Tuesday, June 29, 2010



[prohindu] In An Ancient Land - A Modern Miracle

Krishan Bhatnagar Mon, Jun 28, 2010 at 1:15 PM
Reply-To: prohindu-owner@yahoogroups.com

Note: Here is an article published over a decade ago, but should be of interest to many. Lord Hanuman's blessing cured a hopelessly sick patient.

In An Ancient Land .....

... A Modern Miracle
Pamela Constable (Washington Post Correspondent)
BJP Today : June 1-15, 1999
(It is presumed that this article was published in the Washington Post earlier in 1999, from which it was taken)

It was Hanuman. I know it was Hanuman. Otherwise Ashok would have died, mostly because of the time the doctors had spent four days frowning over their charts and ordering more tests and absently patting him on the arm, by the time he had spent four nights bathed in sweat and clenching his teeth against the unbearable pain in his belly, he believed it.

I could see in his face, in the limp resignation of a wrist too weak to raise off the sheet. " I have to go back to my village," he kept whispering. " I have to go back to and see my mother before I die".

Ashok Pandey was the watchman at my house in New Delhi., where I had arrived only weeks before to take up my new assignment. I barely knew this tall, thin man with the shy smile who was always hovering around the office, trying to practice his English. His wife, Asha, a chirpy and obliging young woman in a vivid chiffon sari, mopped and swept the house each day, and the couple lived over the garage with their 4 year old son.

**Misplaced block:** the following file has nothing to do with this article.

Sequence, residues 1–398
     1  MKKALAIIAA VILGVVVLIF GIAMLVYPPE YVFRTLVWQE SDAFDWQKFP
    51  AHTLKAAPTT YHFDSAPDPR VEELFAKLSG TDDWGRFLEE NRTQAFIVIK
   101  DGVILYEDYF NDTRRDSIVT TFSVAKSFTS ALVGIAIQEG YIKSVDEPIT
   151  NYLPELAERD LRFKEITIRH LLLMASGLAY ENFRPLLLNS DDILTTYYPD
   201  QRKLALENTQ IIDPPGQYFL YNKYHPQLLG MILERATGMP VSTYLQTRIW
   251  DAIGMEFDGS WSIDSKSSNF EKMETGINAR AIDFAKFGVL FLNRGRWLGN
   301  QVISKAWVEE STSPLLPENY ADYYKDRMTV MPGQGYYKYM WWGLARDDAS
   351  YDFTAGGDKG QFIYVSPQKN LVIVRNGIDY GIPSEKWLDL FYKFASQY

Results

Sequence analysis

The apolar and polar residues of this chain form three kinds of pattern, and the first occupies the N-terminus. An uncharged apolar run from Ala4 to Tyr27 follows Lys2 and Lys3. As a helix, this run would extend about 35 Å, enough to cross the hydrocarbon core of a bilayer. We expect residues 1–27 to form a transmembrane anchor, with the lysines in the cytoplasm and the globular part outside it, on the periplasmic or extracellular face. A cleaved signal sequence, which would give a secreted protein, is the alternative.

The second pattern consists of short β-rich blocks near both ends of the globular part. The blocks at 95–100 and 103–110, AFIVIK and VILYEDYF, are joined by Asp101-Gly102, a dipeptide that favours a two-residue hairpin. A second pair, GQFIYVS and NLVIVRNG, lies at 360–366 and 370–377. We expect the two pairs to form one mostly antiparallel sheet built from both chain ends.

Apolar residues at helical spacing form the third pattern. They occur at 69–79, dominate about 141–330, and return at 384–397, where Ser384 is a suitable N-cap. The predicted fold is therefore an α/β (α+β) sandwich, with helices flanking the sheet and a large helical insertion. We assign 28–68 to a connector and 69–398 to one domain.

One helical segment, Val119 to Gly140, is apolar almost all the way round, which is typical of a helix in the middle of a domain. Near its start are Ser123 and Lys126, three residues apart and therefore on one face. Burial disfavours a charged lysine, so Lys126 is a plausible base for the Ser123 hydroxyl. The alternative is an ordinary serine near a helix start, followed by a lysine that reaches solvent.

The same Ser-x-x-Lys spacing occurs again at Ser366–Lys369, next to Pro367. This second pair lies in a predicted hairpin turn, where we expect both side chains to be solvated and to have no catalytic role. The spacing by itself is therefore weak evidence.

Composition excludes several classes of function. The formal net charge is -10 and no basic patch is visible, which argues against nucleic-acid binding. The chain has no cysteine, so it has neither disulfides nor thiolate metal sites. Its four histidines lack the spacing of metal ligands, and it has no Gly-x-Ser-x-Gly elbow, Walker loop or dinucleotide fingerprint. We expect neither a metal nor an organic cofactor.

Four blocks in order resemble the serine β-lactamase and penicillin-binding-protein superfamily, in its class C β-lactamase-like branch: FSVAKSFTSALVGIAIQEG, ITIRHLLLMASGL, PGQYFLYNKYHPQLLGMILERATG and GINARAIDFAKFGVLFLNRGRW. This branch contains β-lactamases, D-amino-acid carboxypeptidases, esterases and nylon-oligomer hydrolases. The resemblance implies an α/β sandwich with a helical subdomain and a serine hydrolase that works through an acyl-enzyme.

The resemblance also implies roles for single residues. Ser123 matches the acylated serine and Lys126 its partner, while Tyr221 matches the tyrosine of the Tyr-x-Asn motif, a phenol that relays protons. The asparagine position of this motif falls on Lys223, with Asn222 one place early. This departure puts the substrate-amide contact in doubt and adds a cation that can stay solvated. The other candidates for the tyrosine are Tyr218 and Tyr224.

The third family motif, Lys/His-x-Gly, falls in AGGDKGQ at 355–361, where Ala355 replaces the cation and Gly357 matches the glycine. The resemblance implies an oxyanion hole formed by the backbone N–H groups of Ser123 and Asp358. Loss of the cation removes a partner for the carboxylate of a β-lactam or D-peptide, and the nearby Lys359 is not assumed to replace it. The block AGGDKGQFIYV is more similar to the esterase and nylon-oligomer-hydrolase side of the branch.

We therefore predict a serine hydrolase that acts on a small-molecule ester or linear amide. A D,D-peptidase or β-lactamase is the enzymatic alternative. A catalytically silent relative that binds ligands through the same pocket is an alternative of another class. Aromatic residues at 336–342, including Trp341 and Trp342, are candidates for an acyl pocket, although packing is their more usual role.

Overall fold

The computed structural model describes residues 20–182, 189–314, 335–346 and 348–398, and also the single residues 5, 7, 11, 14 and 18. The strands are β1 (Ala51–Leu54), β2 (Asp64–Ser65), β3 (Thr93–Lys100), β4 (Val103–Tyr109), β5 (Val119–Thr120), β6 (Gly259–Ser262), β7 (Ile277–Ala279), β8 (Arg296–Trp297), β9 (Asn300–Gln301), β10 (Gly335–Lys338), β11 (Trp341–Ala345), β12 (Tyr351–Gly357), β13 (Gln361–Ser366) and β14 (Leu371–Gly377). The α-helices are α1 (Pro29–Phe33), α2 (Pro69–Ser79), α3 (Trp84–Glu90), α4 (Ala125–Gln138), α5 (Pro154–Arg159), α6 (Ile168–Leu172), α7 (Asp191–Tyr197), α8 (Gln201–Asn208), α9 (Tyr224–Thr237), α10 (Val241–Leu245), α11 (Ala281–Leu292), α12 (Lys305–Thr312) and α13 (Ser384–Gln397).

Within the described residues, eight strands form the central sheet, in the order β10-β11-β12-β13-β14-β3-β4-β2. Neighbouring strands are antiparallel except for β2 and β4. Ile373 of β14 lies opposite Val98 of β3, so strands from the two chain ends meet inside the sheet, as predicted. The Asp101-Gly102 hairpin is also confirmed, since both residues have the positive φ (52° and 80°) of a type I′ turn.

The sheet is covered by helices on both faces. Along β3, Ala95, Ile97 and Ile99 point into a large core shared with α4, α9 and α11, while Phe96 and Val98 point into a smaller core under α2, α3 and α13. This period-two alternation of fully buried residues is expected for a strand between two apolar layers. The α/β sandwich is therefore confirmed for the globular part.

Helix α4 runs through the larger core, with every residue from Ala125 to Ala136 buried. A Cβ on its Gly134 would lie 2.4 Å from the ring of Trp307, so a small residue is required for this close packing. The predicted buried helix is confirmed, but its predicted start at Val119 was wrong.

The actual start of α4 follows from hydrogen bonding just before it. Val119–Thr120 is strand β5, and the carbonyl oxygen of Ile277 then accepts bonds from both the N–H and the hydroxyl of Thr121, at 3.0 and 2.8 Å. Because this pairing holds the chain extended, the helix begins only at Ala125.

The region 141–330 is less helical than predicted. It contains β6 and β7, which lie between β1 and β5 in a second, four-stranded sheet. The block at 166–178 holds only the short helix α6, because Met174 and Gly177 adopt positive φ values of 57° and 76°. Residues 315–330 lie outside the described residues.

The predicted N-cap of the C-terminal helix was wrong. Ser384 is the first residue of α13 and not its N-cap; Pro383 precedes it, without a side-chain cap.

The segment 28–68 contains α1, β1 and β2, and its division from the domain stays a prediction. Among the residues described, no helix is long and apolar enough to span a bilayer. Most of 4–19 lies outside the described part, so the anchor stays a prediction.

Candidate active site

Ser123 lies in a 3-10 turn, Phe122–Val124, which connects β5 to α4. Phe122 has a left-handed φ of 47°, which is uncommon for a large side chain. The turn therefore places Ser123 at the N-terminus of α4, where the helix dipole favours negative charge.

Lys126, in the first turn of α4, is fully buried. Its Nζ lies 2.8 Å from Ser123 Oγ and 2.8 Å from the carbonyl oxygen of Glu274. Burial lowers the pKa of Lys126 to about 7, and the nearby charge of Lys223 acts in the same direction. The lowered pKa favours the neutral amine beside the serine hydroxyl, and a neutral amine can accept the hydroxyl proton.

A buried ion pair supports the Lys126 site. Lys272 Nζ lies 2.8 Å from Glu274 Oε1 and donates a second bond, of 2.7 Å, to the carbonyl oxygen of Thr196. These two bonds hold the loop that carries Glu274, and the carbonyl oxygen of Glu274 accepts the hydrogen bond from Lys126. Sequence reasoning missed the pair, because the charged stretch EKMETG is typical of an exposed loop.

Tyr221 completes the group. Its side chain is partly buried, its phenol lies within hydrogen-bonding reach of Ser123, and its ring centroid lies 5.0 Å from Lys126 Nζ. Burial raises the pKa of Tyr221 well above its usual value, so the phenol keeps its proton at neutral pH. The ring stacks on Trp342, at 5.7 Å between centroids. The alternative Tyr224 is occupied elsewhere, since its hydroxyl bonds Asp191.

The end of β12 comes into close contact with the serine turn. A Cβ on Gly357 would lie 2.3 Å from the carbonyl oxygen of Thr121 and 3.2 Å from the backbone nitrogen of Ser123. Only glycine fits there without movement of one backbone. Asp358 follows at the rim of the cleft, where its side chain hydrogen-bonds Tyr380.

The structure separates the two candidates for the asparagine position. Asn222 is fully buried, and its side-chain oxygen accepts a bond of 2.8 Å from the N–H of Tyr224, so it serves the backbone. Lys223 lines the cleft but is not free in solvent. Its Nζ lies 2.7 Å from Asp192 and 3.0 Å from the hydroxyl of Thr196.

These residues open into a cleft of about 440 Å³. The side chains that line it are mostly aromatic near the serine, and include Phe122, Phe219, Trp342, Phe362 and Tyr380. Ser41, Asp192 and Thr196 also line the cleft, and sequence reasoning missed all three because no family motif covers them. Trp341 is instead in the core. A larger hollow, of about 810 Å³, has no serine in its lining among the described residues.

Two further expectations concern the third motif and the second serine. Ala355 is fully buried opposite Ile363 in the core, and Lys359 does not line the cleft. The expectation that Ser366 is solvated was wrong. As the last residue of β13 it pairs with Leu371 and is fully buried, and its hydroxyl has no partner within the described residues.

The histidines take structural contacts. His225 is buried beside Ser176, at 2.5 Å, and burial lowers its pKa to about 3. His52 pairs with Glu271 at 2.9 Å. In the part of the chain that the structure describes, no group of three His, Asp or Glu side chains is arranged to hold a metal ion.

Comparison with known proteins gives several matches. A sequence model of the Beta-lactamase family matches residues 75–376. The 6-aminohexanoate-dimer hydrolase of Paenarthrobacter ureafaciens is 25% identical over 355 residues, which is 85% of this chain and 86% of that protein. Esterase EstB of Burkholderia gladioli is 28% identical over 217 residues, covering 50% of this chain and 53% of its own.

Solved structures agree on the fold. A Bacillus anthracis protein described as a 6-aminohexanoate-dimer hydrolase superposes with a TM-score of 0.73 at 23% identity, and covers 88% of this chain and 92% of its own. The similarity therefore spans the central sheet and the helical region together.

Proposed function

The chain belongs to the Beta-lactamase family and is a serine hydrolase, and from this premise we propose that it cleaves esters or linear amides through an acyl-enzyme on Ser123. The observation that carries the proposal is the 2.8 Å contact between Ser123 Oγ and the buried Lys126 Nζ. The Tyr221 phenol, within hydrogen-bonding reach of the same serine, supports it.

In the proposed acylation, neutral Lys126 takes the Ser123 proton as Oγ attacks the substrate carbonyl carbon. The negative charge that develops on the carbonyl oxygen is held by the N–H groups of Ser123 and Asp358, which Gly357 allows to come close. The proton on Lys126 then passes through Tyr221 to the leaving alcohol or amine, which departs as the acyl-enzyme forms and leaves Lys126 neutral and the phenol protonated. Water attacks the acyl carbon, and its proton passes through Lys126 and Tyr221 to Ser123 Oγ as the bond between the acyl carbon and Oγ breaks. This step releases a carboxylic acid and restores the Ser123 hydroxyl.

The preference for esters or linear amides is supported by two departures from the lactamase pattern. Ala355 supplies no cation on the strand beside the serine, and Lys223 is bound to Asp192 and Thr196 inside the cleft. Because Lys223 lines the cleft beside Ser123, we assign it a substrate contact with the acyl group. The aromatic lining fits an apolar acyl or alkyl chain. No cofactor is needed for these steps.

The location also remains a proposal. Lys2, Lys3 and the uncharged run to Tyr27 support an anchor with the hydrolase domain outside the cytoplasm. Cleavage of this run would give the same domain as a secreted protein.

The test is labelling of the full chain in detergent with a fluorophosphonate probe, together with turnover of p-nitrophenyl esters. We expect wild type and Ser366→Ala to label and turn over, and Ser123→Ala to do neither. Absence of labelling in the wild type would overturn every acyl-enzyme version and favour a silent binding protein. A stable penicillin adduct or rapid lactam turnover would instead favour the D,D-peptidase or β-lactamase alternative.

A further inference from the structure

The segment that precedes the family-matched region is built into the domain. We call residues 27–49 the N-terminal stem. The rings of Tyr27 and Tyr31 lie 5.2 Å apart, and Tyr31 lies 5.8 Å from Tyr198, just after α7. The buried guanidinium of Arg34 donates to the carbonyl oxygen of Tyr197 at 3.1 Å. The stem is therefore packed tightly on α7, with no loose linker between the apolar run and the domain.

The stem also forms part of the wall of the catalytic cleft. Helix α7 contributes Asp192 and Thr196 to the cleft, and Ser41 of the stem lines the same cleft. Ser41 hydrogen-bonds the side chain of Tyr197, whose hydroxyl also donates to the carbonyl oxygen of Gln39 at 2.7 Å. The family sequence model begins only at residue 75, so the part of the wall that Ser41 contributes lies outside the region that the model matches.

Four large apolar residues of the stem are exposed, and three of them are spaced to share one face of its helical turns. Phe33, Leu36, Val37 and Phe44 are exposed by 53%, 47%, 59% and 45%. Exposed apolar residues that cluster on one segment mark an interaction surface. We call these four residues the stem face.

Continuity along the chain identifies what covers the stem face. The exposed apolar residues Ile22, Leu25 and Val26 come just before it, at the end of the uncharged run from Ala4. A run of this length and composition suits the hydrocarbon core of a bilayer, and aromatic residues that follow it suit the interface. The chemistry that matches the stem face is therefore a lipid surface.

I realized almost immediately, however, that something was wrong with Ashok. He looked gaunt and his face was too pale. He confided hew had been having problem with his stomach for months, and had been to a number of doctors. But the medicine they gave him never did any good. His wife explained, holding up a plastic bag of prescription drugs he had stopped taking. In the past few days, she said, he had consulted several sadhus, or Hindu wise men. They had advised him to pray and take offerings of flowers and coconuts to his temple.